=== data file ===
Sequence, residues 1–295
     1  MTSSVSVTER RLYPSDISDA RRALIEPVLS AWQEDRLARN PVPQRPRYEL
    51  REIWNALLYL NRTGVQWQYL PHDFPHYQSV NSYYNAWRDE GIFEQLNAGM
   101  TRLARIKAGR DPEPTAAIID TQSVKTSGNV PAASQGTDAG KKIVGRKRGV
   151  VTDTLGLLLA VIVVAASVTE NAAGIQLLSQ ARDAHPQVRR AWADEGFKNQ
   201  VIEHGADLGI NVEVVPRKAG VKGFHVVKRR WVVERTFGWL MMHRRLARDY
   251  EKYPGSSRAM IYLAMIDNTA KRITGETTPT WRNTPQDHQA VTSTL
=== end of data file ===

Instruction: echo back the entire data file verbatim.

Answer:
Sequence, residues 1–295
     1  MTSSVSVTER RLYPSDISDA RRALIEPVLS AWQEDRLARN PVPQRPRYEL
    51  REIWNALLYL NRTGVQWQYL PHDFPHYQSV NSYYNAWRDE GIFEQLNAGM
   101  TRLARIKAGR DPEPTAAIID TQSVKTSGNV PAASQGTDAG KKIVGRKRGV
   151  VTDTLGLLLA VIVVAASVTE NAAGIQLLSQ ARDAHPQVRR AWADEGFKNQ
   201  VIEHGADLGI NVEVVPRKAG VKGFHVVKRR WVVERTFGWL MMHRRLARDY
   251  EKYPGSSRAM IYLAMIDNTA KRITGETTPT WRNTPQDHQA VTSTL